|"There is something so
far-fetched and so extravagant in the idea of danger to liberty from the
militia that one is at a loss whether to treat it with gravity or with
raillery; whether to consider it as a mere trial of skill, like the paradoxes
of rhetoricians; or as a disingenuous artifice to instil prejudices at
any price; or as the serious offspring of political fanaticism. Where in
the name of common sense are our fears to end if we may not trust our sons,
our brothers, our neighbors, our fellow citizens? What shadow of danger
can there be from men who are daily mingling with the rest of their countrymen
and who participate with them in the same feelings, sentiments, habits,
- Alexander Hamilton, The Federalist # 29
|"WE hold these Truths to be self-evident, that all Men are created equal, that they are endowed by their Creator with certain unalienable Rights, that among these are Life, Liberty, and the Pursuit of Happiness- That to secure these Rights, Governments are instituted among Men, deriving their just Powers from the Consent of the Governed, that whenever any Form of Government becomes destructive of these Ends, it is the Right of the People to alter or to abolish it, and to institute new Government, laying its Foundation on such Principles, and organizing its Powers in such Form, as to them shall seem most likely to effect their Safety and Happiness. Prudence, indeed, will dictate that Governments long established should not be changed for light and transient Causes; and accordingly all Experience hath shewn, that Mankind are more disposed to suffer, while Evils are sufferable, than to right themselves by abolishing the Forms to which they are accustomed. But when a long Train of Abuses and Usurpations, pursuing invariably the same Object, evinces a Design to reduce them under absolute Despotism, it is their Right, it is their Duty, to throw off such Government, and to provide new Guards for their future Security."(1)|
| To declare War, grant letters of Marque and Reprisal, and make
Rules concerning Captures on Land and Water;
To raise and support Armies, but no appropriation of Money to that Use shall be for a longer Term than two years;
To provide and maintain a Navy;
To make Rules for the Government and Regulation of the land and naval Forces;
To provide for calling forth the Militia to execute the Laws of the Union, suppress Insurrections and repel Invasions;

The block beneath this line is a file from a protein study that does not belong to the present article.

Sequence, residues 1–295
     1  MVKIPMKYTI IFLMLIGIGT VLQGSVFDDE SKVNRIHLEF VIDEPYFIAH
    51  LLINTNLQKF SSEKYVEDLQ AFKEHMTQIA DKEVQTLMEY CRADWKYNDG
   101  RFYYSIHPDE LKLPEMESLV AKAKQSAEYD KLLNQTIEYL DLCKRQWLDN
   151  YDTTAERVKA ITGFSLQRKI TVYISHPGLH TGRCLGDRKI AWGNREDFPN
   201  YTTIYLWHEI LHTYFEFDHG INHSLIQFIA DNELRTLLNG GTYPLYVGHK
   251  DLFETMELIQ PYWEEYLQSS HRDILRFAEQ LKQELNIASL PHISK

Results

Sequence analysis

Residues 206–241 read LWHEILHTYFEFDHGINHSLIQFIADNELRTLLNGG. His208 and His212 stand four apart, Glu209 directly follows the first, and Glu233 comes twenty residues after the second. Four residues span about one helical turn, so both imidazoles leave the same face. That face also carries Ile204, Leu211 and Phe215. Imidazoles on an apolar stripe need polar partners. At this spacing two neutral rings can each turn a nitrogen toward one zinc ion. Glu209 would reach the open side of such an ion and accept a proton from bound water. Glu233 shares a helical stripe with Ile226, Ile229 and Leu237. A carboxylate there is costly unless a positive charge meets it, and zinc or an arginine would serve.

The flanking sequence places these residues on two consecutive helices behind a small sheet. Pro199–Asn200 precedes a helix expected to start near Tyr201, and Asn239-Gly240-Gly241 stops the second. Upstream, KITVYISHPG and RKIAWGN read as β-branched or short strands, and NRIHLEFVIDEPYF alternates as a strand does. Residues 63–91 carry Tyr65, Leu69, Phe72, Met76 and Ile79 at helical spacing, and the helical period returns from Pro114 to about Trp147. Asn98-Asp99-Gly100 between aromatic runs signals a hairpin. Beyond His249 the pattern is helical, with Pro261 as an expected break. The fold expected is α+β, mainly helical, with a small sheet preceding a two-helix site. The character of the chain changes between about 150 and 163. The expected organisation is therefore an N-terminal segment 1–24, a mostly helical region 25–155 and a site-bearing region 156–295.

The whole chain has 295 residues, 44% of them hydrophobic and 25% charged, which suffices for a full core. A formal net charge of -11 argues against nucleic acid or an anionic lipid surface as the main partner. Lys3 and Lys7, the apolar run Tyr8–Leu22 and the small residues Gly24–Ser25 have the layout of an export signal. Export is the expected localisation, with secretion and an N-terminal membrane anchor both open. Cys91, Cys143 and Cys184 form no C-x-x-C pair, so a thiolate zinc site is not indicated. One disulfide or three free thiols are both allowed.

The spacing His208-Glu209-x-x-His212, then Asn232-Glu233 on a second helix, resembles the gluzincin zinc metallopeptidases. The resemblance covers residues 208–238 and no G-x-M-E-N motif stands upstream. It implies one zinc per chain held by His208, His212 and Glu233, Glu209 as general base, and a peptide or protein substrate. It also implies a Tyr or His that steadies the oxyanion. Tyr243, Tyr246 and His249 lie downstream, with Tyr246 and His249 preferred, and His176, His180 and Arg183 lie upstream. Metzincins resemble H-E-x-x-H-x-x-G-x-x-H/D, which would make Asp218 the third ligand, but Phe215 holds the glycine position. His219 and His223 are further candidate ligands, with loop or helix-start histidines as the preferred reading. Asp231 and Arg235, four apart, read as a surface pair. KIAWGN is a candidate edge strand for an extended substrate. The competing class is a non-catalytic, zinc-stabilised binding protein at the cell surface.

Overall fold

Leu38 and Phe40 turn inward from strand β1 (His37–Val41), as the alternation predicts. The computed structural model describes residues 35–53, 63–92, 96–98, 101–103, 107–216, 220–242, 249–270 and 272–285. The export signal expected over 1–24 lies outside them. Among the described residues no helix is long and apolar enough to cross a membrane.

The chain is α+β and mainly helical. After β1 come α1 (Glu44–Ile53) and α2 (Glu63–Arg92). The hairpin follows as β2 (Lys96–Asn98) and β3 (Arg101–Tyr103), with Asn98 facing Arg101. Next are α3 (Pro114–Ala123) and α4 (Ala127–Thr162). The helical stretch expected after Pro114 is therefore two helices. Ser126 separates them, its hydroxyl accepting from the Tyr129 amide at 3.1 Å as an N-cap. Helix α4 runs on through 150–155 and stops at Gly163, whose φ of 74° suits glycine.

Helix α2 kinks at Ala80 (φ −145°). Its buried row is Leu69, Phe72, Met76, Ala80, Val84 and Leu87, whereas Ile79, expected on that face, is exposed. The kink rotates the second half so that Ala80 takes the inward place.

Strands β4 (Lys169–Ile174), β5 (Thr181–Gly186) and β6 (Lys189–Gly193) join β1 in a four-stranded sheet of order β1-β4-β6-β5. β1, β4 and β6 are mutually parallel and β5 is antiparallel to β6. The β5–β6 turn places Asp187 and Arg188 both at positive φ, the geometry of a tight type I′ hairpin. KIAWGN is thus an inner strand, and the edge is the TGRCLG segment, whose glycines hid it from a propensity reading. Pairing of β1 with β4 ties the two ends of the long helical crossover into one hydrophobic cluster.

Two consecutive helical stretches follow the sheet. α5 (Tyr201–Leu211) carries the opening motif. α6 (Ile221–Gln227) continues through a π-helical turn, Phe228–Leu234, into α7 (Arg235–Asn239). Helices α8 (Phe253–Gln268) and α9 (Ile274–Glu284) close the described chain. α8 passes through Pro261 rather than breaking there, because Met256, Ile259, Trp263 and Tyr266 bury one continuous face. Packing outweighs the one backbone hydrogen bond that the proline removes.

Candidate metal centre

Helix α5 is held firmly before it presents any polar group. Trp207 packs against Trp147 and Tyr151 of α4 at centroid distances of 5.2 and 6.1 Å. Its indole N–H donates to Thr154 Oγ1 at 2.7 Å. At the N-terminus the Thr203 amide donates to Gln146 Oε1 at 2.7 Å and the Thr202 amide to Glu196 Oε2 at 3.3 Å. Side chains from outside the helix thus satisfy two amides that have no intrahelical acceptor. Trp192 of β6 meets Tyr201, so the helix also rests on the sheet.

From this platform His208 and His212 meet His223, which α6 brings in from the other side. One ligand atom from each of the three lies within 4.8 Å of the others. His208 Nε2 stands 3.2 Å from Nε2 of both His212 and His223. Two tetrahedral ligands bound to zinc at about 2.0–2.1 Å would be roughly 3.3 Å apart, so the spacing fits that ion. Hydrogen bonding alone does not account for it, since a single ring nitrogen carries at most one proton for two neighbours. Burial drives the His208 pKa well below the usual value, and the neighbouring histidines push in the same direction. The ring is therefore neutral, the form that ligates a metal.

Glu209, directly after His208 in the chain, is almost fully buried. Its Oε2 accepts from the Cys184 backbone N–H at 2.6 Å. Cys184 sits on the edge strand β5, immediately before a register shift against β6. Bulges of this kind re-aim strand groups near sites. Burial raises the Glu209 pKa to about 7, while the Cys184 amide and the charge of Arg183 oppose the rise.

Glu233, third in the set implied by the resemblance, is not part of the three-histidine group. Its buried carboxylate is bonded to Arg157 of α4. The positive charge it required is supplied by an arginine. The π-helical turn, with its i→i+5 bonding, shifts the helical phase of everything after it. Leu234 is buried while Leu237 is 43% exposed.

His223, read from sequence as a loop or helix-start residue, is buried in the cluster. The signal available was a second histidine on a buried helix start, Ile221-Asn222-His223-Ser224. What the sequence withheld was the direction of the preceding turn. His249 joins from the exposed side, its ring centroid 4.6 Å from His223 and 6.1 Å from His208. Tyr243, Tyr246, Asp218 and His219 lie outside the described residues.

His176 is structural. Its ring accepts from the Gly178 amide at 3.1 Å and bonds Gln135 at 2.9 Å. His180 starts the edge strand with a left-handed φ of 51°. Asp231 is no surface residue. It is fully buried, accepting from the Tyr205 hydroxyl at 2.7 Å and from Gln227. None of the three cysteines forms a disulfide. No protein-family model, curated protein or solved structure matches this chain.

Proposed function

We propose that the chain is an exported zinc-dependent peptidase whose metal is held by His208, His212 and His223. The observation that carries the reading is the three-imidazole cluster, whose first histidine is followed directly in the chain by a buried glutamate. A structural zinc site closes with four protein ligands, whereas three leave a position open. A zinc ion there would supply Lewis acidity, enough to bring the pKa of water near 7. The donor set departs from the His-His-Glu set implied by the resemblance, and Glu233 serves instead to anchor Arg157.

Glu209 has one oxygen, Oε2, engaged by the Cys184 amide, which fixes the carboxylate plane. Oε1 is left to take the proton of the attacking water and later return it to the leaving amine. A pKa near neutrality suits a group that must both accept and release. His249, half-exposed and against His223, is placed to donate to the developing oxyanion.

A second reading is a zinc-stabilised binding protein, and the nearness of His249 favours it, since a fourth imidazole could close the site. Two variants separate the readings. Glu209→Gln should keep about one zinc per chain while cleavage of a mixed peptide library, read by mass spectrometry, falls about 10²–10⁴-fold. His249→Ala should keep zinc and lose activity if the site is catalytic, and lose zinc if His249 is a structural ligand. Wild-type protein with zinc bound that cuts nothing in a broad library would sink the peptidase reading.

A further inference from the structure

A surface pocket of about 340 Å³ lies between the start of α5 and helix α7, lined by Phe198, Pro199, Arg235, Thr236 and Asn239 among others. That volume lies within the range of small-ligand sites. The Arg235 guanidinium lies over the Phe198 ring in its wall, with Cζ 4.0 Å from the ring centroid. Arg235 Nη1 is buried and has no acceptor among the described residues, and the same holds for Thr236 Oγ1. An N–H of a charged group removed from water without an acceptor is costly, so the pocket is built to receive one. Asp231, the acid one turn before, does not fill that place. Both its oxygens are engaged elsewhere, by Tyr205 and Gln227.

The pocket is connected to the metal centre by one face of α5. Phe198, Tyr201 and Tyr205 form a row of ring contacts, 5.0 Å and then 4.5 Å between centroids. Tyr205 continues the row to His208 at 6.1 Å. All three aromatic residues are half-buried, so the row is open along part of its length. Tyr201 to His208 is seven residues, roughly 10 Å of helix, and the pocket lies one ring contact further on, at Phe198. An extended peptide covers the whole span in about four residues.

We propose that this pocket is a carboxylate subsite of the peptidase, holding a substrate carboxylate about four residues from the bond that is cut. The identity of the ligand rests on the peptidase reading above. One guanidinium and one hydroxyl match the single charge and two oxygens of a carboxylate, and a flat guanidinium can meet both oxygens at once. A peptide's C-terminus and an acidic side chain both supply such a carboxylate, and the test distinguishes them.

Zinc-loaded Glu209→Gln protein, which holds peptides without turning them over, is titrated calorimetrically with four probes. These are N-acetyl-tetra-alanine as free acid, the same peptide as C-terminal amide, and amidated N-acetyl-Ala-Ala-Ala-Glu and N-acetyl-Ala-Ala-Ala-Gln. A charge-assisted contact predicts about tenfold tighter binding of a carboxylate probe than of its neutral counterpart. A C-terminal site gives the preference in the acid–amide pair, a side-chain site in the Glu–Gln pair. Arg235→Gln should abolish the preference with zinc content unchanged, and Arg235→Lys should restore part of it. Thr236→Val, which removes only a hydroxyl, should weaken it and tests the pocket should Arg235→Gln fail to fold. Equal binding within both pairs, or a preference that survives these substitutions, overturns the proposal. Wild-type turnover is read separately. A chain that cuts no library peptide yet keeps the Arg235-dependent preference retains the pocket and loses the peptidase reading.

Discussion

To provide for organizing, arming, and disciplining, the Militia, and for governing such Part of them as may be employed in the Service of the United States, reserving to the States respectively, the Appointment of the Officers, and the authority of training the Militia according to the discipline prescribed by Congress; ... (2)
|The project of disciplining all the militia of the United States is as futile as it would be injurious if it were capable of being carried into execution. A tolerable expertness in military movements is a business that requires time and practice. It is not a day, nor a week nor even a month, that will suffice for the attainment of it. To oblige the great body of the yeomanry and of the other classes of the citizens to be under arms for the purpose of going through military exercises and evolutions, as often as might be necessary to acquire the degree of perfection which would entitle them to the character of a well-regulated militia, would be a real grievance to the people and a serious public inconvenience and loss. It would form an annual deduction from the productive labor of the country to an amount which, calculating upon the present numbers of the people, would not fall far short of a million pounds. To attempt a thing which would abridge the mass of labor and industry to so considerable an extent would be unwise: and the experiment, if made, could not succeed, because it would not be long endured. Little more can reasonably be aimed at with respect to the people at large than to have them properly armed and equipped; and in order that this be not neglected, it will be necessary to assemble them once or twice in the course of a year. (4)|
|But though the scheme of disciplining the whole nation must be abandoned as mischievous or impracticable; yet it is a matter of the utmost importance that a well-digested plan should, as soon as possible, be adopted for the proper establishment of the militia. The attention of the government ought particularly to be directed to the formation of a select corps of moderate size, upon such principles as will really fit it for service in case of need. By thus circumscribing the plan, it will be possible to have a body of well-trained militia ready to take the field whenever the defense of the State shall require it. This will not only lessen the call for military establishments, but if circumstances should at any time oblige the government to form an army of any magnitude that army can never be formidable to the liberties of the people while there is a large body of citizens little if at all inferior to them in discipline and the use of arms, who stand ready to defend their own rights and those of their fellow-citizens. This appears to me the only substitute that can be devised for a standing army, and the best possible security against it, if it should exist." (5)|